A South African developmental state: the significance of state capacity

Ndlovu, Sifiso
Journal Title
Journal ISSN
Volume Title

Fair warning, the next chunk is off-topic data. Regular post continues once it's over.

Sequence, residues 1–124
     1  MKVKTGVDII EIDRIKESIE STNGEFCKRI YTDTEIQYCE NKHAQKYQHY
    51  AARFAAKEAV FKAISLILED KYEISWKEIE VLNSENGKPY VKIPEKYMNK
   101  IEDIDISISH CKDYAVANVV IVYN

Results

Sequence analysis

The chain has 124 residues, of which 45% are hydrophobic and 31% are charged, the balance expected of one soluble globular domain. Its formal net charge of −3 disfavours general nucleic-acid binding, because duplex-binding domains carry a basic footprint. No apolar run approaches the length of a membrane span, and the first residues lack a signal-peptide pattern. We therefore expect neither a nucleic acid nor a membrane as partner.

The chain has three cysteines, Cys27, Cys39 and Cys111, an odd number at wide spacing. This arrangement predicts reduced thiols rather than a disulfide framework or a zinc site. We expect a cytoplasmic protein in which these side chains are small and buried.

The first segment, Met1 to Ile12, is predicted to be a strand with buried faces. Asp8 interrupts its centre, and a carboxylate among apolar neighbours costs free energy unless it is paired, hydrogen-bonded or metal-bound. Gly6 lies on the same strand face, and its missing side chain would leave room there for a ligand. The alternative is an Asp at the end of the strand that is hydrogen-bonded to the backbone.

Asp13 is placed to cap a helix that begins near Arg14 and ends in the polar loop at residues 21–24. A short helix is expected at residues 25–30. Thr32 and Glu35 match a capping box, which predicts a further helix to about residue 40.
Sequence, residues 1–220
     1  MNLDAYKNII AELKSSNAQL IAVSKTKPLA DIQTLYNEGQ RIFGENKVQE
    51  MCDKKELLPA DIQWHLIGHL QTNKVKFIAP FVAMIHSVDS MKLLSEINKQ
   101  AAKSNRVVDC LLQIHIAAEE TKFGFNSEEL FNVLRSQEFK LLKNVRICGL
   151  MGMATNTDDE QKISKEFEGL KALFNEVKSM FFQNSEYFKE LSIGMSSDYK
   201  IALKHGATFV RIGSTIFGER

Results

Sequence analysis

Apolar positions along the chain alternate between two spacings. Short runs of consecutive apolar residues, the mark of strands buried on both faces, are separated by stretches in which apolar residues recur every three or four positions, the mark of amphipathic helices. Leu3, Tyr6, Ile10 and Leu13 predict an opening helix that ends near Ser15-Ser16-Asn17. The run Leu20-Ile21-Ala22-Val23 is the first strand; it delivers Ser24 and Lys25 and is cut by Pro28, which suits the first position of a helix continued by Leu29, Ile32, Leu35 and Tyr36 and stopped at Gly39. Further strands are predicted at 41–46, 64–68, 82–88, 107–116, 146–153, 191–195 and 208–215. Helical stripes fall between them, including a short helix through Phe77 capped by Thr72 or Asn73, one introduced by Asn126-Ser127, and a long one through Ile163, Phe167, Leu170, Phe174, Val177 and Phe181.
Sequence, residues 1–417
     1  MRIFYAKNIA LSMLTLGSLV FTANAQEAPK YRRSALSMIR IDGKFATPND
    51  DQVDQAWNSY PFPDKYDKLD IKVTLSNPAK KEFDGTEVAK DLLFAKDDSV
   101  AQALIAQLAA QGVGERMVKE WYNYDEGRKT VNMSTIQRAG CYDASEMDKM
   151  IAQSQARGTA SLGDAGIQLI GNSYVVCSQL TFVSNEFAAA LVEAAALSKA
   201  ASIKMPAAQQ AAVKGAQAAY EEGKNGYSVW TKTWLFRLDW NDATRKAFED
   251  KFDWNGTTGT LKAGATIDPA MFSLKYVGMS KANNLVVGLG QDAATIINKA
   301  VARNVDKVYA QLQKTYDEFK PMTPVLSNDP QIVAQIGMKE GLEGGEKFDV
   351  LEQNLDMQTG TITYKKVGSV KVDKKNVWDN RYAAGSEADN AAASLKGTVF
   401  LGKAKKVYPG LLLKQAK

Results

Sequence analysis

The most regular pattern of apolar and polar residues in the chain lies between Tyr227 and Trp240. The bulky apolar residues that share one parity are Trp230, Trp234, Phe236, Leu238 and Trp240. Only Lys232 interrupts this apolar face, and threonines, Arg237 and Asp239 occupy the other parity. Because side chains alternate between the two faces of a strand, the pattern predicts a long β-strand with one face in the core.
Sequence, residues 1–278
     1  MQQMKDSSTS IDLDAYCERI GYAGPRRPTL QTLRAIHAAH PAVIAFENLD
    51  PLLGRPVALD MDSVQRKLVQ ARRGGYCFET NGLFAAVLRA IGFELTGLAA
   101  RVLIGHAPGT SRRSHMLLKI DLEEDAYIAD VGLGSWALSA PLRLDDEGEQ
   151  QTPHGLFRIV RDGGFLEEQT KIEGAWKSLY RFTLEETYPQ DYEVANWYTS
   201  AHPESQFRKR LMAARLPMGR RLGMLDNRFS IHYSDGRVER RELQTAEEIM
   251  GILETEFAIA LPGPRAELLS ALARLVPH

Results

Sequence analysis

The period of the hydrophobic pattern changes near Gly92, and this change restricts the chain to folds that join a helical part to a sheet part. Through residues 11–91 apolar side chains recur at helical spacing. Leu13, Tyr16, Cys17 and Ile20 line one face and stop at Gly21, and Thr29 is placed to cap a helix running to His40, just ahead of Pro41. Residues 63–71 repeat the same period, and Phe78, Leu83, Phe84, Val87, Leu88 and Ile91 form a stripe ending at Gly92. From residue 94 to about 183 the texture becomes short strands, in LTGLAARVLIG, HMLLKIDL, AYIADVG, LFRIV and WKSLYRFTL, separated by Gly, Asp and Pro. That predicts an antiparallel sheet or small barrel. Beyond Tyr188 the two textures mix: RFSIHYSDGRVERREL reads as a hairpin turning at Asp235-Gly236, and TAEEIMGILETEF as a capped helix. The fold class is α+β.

This study uses secondary literature and primary sources to explore the significance of state capacity in proposals to build a South African developmental state. Its main aim is to get a deeper understanding of state capacity as a significant ingredient in building a successful developmental state. The analysis is based on the postulation that no country can successfully build a developmental state without the necessary state capacity. The study surveys the literature on developmental states, explores the key attributes/institutional benchmarks of a developmental state and draws out findings about what accounts for a successful developmental state. One of the key conclusions drawn from the literature is that in order for a state to be a successful developmental state, it needs to be institutionally configured in such a way that it possesses the capacity to formulate and implement policies successfully. Using theoretical benchmarks propounded by scholars as a point of reference, the study establishes how we should understand state capacity and shows that such state capacity is a necessary precondition for a successful developmental state. Following from this analysis, it explores how the South African government has to come into grips with the issue of state capacity in its quest to build a South African developmental state. The failure of post-1994 macro and micro economic reform strategies to address the principal challenges of poverty, unemployment and underdevelopment indicates that successful implementation of any policy is dependent on state capacity.